“Short” has its benefits – “get the hook in – then, reel it in.” It might get away, but, at the end of the day, your creel will be full. [Yes – creel = bucket for captured fish.] But, do you sometimes lose the fish you really wanted? Do you and the fish get too exhausted watching your respective post-LOI negotiators fight over the “gaps”?
I don’t think there’s an answer other than, “it depends.” But, let’s not forget, an LOI doesn’t have to be either short or long; it can be crafted to meet the anticipated negotiation. For example, its exclusive use right may be important to a tenant, but the details of the default remedies may not be. So, it behooves the tenant to see that the LOI, negotiated between the real stakeholders, not their hired gladiators, spells out the protected items or services AND spells out the tenant’s remedies. To reprise an earlier, enthusiastically received Blog entry, if the landlord strongly wants its prospective tenant’s lease extension option conditioned on the absence of a tenant default at the time of exercise, make it part of the discussion. That means place it in the LOI. If a recapture right is important to a landlord, get it in the LOI. Don’t let it first show up in Section 1,235 of the proposed lease.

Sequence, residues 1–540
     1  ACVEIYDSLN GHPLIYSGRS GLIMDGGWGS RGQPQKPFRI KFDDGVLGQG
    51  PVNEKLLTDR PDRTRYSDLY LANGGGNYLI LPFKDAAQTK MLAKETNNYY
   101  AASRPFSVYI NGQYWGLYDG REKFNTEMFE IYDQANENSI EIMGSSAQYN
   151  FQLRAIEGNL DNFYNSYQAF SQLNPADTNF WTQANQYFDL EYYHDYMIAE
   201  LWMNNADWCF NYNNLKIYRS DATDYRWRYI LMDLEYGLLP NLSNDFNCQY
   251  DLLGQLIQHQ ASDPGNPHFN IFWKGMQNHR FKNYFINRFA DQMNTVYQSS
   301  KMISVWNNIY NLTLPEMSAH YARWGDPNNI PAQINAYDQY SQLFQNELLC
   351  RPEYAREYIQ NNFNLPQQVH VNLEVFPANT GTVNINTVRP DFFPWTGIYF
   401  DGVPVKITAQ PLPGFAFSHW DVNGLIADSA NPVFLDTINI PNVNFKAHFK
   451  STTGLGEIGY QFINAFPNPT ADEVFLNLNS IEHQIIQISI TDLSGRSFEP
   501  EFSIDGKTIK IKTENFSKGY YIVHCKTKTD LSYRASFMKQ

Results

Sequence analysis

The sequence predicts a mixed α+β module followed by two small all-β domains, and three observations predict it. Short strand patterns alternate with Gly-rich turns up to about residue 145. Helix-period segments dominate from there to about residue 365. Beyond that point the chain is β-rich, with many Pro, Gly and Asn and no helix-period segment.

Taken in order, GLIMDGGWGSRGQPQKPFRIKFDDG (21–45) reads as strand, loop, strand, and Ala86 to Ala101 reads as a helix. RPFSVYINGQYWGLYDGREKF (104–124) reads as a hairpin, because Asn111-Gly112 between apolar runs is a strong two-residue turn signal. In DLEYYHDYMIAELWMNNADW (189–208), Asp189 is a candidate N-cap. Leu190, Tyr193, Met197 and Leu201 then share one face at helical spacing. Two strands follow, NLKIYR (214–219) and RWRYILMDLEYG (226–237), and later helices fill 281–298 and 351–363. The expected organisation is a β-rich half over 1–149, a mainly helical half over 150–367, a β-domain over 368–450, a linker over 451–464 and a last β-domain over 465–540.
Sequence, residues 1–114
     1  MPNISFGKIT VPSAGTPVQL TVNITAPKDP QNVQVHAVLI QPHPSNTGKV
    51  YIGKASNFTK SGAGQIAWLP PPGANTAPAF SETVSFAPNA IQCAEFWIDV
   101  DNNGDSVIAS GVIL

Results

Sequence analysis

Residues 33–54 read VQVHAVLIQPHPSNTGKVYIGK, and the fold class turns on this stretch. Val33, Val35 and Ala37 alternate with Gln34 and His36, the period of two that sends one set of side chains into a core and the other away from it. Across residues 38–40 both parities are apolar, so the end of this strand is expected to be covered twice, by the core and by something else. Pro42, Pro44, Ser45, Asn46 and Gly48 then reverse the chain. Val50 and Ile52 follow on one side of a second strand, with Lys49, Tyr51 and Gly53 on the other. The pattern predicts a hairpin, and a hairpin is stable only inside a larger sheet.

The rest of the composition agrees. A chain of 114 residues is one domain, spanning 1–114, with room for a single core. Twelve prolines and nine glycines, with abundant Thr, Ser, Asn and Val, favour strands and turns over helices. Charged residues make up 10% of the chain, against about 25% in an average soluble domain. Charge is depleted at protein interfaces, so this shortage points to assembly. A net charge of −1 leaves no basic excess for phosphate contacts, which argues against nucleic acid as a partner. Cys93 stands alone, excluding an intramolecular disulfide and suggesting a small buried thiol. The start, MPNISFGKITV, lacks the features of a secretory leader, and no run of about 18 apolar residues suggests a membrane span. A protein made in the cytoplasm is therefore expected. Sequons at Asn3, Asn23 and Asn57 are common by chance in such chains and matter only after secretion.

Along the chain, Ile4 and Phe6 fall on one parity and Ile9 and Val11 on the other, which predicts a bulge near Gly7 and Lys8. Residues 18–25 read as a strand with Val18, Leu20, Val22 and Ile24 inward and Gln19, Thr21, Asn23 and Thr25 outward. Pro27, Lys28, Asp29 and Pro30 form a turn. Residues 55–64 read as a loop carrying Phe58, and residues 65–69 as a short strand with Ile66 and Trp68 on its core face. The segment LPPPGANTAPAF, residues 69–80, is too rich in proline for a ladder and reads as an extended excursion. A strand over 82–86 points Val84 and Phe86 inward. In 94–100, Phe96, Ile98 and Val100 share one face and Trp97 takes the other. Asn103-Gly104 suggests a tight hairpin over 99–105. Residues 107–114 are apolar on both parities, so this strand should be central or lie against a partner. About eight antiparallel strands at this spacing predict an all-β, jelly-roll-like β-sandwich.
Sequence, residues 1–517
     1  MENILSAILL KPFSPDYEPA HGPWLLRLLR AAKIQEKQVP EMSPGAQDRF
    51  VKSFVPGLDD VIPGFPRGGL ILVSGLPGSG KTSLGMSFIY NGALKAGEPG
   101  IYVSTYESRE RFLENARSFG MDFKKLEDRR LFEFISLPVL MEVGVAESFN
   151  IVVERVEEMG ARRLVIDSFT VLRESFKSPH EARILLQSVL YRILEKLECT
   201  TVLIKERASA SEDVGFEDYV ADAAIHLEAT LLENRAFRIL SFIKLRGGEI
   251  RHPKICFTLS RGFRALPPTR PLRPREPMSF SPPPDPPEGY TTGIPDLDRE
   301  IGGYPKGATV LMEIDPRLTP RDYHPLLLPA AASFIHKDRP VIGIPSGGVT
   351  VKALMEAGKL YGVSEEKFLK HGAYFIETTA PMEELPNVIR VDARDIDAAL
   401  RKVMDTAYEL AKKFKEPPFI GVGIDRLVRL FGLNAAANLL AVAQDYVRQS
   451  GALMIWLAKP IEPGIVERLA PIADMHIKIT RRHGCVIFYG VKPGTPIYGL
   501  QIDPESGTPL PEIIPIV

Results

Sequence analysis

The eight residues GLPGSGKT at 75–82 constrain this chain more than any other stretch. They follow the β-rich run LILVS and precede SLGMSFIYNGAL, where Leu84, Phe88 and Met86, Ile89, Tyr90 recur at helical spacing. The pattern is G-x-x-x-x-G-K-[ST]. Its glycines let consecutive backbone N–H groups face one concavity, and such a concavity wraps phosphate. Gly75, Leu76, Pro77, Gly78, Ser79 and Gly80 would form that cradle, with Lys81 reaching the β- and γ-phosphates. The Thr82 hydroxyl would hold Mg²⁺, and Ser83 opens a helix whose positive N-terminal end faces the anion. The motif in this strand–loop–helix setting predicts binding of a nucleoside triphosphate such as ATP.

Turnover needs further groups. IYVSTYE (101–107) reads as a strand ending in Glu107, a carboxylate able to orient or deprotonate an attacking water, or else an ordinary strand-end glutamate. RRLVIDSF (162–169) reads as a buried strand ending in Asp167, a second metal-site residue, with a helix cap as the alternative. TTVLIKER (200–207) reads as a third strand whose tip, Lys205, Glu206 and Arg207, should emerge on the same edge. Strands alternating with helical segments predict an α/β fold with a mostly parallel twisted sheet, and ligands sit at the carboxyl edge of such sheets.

This isn’t to say that the LOI has to mimic the final lease or that the attorneys or others who draft a lease aren’t up to the task, but it seems that experience has proven that it almost always Gets the Deal Done faster and with less angst if the LOI covers what each party thinks is important.
There is a place for “intentional ambiguity” in drafting LOIs, leases, and other agreements. That’s a topic on a long list of (yet unwritten) blog entries.
In the meantime, what’s your opinion? experience? philosophy? Let’s Ruminate together (but not that together – I didn’t like the image). Post your comments here at www.retailrealestatelaw.com.